Subaru Outback 2010 2.0d premium (sat-nav)

Subaru Outback Diesel Review & Road Test

Rating: 7.0
$12,670 $15,070 Dealer
  • Fuel Economy
  • Engine Power
  • CO2 Emissions
  • ANCAP Rating
Easily managing 1,100kms from a single tank, this is the Outback you've been waiting for.
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Easily managing 1,100kms from a single tank, this is the Outback you've been waiting for.

Model Tested:

  • 2010 Subaru Outback Diesel Premium Sat-Nav; 2.0-litre, four-cylinder, turbo-diesel; six-speed manual; wagon - $47,392*

CarAdvice Rating:

Words by Matt Brogan Photos by Brendan Nish

If the idea of a family wagon with enough room for the kids, the dog and all your gear has long been on the wish list, but soaring fuel prices have held you back, then this is the Outback you've been waiting for.

As Subaru's first foray in to the diesel market, in Australia at least, the new Outback's Boxer Diesel engine has clearly been worth the wait.

Proving just how far oil burning technology has come, the gutsy 2.0-litre unit offers quiet, smooth power delivery and gutsy pulling power that, coupled with Subaru's symmetrical all-wheel drive system, is just as kind on the driver as it is on your wallet.

Spending a week with the Subaru Outback Diesel, I was quick to head for the winding country back roads of Victoria's picturesque Yarra Valley to see just how well the 2.0-litre common rail turbo-diesel would deal with real world driving conditions.

The stop-start traffic heading out of the city didn't seem to phase the new Boxer Diesel with more than enough pep seeing it keep with - or even ahead of - traffic. The turbo comes on strong from just over 1,800rpm, and when driven correctly, presents little in the way of lag.

Gear changes are a little on the notchy side, and some might find the clutch a little tightly sprung, but if you can live with this - and with no automatic option you'll have to - then you'll find the well matched six-speed gearbox does the engine a lot of justice, and keeps the revs down nice and low when cruising at highway speeds - perfect for screwing down that all-important fuel economy.

Once out in the hills the new Outback Diesel is quick to prove just how strong and capable it is. Torque is seamless, always ready, and impressively strong. Most hills are conquered without even considering a gear change, and when it comes to overtaking, the Outback Diesel is confident and effortless.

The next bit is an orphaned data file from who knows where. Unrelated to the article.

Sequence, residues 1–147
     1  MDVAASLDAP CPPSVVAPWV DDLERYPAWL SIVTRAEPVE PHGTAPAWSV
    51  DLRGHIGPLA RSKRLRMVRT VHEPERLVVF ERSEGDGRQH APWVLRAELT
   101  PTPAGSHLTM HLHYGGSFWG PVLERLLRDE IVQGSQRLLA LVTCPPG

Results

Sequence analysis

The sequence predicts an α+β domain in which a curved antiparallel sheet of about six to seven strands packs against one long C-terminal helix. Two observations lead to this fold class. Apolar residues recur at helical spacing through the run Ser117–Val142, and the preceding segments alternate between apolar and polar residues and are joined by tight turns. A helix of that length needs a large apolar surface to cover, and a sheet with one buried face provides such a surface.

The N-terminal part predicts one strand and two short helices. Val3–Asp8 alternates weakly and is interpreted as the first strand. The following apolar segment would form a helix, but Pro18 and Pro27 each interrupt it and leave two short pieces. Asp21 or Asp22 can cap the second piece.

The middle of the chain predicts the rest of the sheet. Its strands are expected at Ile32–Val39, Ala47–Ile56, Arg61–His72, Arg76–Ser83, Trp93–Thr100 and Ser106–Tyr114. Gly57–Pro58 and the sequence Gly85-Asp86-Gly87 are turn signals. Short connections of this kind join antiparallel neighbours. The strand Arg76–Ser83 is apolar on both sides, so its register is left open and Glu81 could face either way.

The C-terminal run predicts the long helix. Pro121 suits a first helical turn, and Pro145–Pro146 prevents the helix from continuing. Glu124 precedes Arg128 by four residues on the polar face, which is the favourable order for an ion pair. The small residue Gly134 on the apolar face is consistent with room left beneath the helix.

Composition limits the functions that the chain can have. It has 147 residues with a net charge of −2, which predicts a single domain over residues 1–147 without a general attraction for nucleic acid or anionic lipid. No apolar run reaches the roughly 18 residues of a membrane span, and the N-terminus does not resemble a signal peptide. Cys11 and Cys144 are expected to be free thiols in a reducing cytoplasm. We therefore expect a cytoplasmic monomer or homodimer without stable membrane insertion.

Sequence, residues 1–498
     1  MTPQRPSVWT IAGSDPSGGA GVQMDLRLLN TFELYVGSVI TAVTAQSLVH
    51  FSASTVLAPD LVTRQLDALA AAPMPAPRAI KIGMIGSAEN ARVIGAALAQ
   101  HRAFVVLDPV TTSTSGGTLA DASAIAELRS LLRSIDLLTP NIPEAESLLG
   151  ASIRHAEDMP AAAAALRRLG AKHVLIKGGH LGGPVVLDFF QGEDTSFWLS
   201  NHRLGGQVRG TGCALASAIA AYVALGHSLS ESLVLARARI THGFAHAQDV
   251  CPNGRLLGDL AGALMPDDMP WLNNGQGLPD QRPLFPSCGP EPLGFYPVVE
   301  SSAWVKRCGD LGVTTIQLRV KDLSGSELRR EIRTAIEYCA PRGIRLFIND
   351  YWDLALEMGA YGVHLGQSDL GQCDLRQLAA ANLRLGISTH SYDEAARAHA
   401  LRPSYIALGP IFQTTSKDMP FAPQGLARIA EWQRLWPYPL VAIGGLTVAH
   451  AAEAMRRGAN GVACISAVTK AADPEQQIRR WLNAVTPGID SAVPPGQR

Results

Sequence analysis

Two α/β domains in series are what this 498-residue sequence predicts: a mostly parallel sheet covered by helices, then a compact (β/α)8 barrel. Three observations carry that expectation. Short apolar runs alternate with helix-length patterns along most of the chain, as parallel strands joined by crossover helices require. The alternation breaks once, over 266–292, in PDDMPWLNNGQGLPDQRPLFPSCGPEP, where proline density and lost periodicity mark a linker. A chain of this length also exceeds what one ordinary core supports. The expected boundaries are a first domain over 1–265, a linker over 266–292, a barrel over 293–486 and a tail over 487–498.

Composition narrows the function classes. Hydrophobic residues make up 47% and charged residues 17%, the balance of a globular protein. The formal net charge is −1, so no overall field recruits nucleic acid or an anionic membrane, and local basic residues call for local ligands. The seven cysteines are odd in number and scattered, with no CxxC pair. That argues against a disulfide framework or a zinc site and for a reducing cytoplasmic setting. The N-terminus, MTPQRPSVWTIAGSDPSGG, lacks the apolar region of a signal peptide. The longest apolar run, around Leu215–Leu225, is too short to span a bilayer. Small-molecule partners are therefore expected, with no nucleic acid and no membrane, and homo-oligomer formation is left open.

Cornering sees Outback Diesel make the most of it's AWD grip and although there's a little tyre howl at higher speeds, the big wagon remains stable, tenacious, and almost sporty in its dynamics - not bad considering its 213mm ride height.

The ride is comfortable, relaxed and cabin noise surprisingly quiet with next-to-no engine noise and just a hint of wind noise noticeable from the larger wing mirrors.

But perhaps the best indicator of the Outback Diesel's achievements are to be found in the fuel economy gains achieved from this impressive engine. Without even trying to save fuel I managed an impressive 1,100 kilometres from the 65-litre fuel tank this week (or 5.90L/100km). It's a considerable effort from a car weighing in at over 1,500 kilograms and running all wheel-drive, and given how strong the performance credentials are, you'll not be left wanting in any department - even inside.

The spacious cabin is quiet and well equipped, especially on the Premium variant on test this week. The leather-clad seating is comfortable, though not altogether supportive, and is electrically adjustable (with two memory positions) in all the usual directions. An impressive feature list sees Outback Diesel Premium fitted with satellite navigation, cruise control, dual-zone climate control, six CD tuner, power windows and mirrors as well as dusk sensing headlamps and remote central locking.

For those wanting to use the Outback Diesel in its environmental namesake, powerful and brilliantly clear high beam vision will come as a welcome feature.

Ample storage abounds throughout with a decent centre console bin, large glovebox and deep door pockets all on hand to swallow your odds and ends. Rear seat legroom is also a strong point with enough room to comfortably seat two, maybe even three adults.

Up back the Outback Diesel offers 490-litres of cargo space (seats up, to window height) that can be expanded to a cavernous 1,690-litres all told. The rear seat also offering 60:40 split for added versatility. Should you need to haul a little extra, the Outback Diesel also has a 1,700 kilogram braked towing capacity - a weight I'd imagine would be no drama for this impressive engine.

Safety comes compliments of the usual electronic helpers including ABS braking with electronic brake-force distribution, ESC and Traction Control. A full compliment of airbags are also included as standard, while the electronic park brake features a hill-start function, an especially handy, clutch-friendly addition when carrying a lot of weight.

All seating positions feature three-point inertia reel seatbelts with the front pews gaining pyrotechnic pretensioners and anti-whiplash headrests. The Subaru Outback Diesel holds a maximum possible five-star ANCAP safety rating.

Sure, the looks aren't for everyone, but without offending our photographer, I hasten to add that this is one car that really does look a lot better in the third dimension.

If you're up for a full-size wagon with light-hatch fuel economy then look no further. The Outback Diesel is a great drive, an impressive package, and starting from $40,490*, great value.


  • Subaru Outback Diesel: $40,490*
  • Subaru Outback Diesel Premium: $43,990*
  • Subaru Outback Diesel Premium Sat-Nav: $46,490* (As Tested)

*Pricing is a guide as recommended to us by the manufacturer.


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